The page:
Thursday, February 21, 2013

Gun Non-policy

I've said before that I'm actually pretty OK with most gun policies on either side of the aisle, as long as they are implemented constitutionally and with regard for actual evidence. What is immediately noticeable at this editorial at America, however, is that it is not really a gun policy at all; it's a non-policy with a gesture at what they think might conceivably give us a viable gun policy at some point in the future. There is not a single proposal in the editorial that could in any way directly affect gun violence; the one thing proposed, the repeal of the second amendment, is consistent with nothing else being changed at all. This is what I mean about it being a non-policy: it's not even a policy proposal, and despite the rhetoric has no actual relevance to serious gun control advocacy. Merely repealing the second amendment will do nothing at all. What is more, constitutions are not the sorts of things one arbitrarily amends in the hope of some better possibility later; when you repeal a part of the Constitution, you had better have a specific reason. Give us an actual proposal, step one of which is repeal of the second amendment, and then we have a way to judge whether it makes sense to go through step one to get to the other parts of your proposal. If you're just going to say that we need to repeal a part of the Constitution, though, you have something that will do less to eliminate gun violence than if your proposal for handling gun violence is just for people voluntarily to stop using guns -- which would actually be far more of a serious gun control policy, since one can have reasonably good, practical, specific programs working to curb gun violence by voluntary means. There is, in fact, a very small but active voluntary gun control movement, focused on better self-regulation among hunters and other gun owners (the idea being that, in something like the way active hunters are one of the best resources for reducing poaching, gun owners could be a better-used resource for reducing gun abuse, and for the same reason), property-rights-based gun control requirements like private-property gun bans, and encouraging more active citizen involvement in helping to shut down firearm black markets. These people have a far more robust gun control proposal than the America magazine editors do.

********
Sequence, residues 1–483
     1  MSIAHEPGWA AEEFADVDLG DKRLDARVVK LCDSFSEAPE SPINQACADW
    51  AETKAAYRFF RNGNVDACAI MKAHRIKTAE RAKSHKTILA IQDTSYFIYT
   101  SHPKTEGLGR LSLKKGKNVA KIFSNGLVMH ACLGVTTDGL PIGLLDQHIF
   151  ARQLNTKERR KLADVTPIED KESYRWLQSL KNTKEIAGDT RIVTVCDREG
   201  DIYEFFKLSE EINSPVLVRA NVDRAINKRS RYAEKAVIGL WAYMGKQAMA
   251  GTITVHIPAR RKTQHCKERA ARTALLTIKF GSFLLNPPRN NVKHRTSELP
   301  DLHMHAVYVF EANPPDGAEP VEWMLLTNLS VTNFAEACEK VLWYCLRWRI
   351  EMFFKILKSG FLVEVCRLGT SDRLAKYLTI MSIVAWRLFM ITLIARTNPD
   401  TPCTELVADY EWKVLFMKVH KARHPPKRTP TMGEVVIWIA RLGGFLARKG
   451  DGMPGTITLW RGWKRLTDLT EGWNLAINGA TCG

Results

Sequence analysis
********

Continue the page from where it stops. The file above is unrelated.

I was amused at this, though:

This does not require an absolute ban on firearms. In the post-repeal world that we envision, some people will possess guns: hunters and sportsmen, law enforcement officers, the military, those who require firearms for morally reasonable purposes. Make no mistake, however: The world we envision is a world with far fewer guns, a world in which no one has a right to own one.

In other words, all the most powerful and dangerous guns will still be available to those willing to put up with the cost and complications of getting them, or willing to bypass these complications through the black market. This is the America gun control proposal: Make gun control laws easier, while not doing anything practical about guns.

It should be noted, incidentally, that the editors are mistaken if they think repealing the second amendment will lead to "a world in which no one has a right to own" a gun. The government can't arbitrarily alienate property, so guns already out and about will fall under standard property rights. What is more, forty-three states have gun right provisions in their constitutions: mere repeal of the second amendment will leave these unaffected and still operative. Repeal of the second amendment would make some stricter gun-sale laws possible in a limited way under the interstate commerce clause, but that's about it.

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